Legislative Assembly for the ACT: 2002 Week 14 Hansard (10 December) . . Page.. 4089 ..
MR STANHOPE (continuing):
are major shortages; there are not enough positions in our universities. It just seems to me such a classic that we've got these dramatic shortages in nurses. Every jurisdiction, every hospital in Australia, every system in Australia, has untold numbers of vacancies. We have them here in the ACT. We have funded positions we cannot fill. We cannot train enough nurses yet. But-surprise, surprise-there are currently more people applying to study nursing than there are places being offered. Doesn't it seem that there is something wrong about this? There are more people applying to study nursing at university than there are places available. So we've got a double-bunger problem there in the first place. The people aren't able to study nursing, and when they do there is the massive disincentive of HECS.
So there are other things that the Commonwealth can and should be doing in relation to nursing, but there are responsibilities that the states and territories need to pick up, and one of them is to respond in the way we have. We resolved the nurses dispute on coming into government-a dispute that you allowed to run for over a year. The Liberals had no intention of fixing that dispute; they in fact exacerbated it. You stirred it up, you demeaned nursing as a profession, and you demeaned the union. Only when we got into government was there any genuine attempt at fixing that dispute, and we fixed it within, what, six weeks. It was done. You could not do it. You had no intention of doing it. You simply inflamed it.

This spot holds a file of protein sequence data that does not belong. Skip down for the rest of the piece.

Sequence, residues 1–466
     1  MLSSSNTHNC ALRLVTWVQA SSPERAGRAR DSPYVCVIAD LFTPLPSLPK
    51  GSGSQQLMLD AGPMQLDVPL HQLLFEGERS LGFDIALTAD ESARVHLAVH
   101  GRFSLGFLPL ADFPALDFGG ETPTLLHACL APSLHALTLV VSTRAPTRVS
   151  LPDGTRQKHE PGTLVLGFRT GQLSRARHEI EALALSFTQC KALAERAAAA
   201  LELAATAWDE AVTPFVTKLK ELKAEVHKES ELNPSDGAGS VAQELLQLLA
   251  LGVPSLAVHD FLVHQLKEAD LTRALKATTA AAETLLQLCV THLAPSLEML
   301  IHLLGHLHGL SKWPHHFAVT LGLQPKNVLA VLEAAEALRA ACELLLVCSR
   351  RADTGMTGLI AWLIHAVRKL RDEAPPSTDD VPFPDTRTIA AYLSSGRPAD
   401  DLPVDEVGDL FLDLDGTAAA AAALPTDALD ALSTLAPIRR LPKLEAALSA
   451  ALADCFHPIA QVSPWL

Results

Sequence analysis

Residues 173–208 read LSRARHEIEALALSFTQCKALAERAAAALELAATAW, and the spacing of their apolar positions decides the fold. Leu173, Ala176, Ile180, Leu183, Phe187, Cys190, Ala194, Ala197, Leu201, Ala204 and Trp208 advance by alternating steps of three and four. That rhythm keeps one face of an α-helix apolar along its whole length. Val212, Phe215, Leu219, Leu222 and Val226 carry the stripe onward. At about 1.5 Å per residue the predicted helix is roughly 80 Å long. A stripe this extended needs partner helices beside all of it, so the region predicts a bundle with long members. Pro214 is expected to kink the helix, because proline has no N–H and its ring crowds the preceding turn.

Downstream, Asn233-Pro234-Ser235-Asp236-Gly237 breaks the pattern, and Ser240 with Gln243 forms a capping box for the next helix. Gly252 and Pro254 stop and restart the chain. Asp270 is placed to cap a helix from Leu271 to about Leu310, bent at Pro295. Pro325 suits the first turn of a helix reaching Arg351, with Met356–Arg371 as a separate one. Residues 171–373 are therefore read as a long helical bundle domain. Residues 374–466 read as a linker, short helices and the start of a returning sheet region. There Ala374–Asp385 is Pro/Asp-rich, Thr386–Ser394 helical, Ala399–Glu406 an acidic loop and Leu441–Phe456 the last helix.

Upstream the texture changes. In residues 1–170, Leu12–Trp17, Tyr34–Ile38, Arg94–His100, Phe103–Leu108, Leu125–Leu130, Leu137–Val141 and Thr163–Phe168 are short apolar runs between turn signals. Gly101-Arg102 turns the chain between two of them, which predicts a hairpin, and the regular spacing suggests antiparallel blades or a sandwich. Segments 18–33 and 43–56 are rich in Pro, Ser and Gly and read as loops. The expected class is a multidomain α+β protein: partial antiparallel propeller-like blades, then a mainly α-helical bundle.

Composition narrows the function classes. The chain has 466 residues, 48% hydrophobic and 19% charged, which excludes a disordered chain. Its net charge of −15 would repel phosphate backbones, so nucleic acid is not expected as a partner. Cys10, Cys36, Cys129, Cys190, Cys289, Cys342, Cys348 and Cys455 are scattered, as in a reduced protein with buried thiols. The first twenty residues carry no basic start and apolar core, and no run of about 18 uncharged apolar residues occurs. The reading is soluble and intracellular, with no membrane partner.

One of the reasons you could not fix it, of course, is that you did not fund it. You did not actually fund a pay rise. You went around pretending you were prepared to give a pay rise, but you had not funded it. So you left that to us as well. We resolved the nurses dispute, but there is more that we need to do, and one of the things we can do-
Mr Stefaniak: I raise a point of order, Mr Speaker. Standing order 118 (a) says that answers to questions shall be concise. It is nearly a quarter to three now, Mr Speaker, and we are still on the first question.
MR SPEAKER: That is a point well made, Mr Stefaniak. Mr Stanhope.
Mr Stanhope: I have concluded, Mr Speaker.
MRS CROSS: Mr Speaker, my question is addressed to the Attorney-General. Minister, it is now five years since the Bender family had their lives destroyed by the catastrophe of the Canberra Hospital implosion, and yet no justice has been done to the victims. Minister, can you confirm that you are the relevant person instructing the government solicitors representing the territory in negotiations for settlement with the Bender family? Alternatively, if you are not the person instructing the government solicitor in this matter, who is the person who will give the go-ahead and tick off the settlement with the Bender family? Can you also inform the Assembly whether you believe that a settlement is possible before Christmas?
MR STANHOPE: Yes, Mrs Cross, as the Attorney-General, I am the minister responsible for the management of the claims made by the Bender family against the ACT government. It needs to be understood that, to some extent, some of these matters are caught within the legal system, and there is some element of sub judice around issues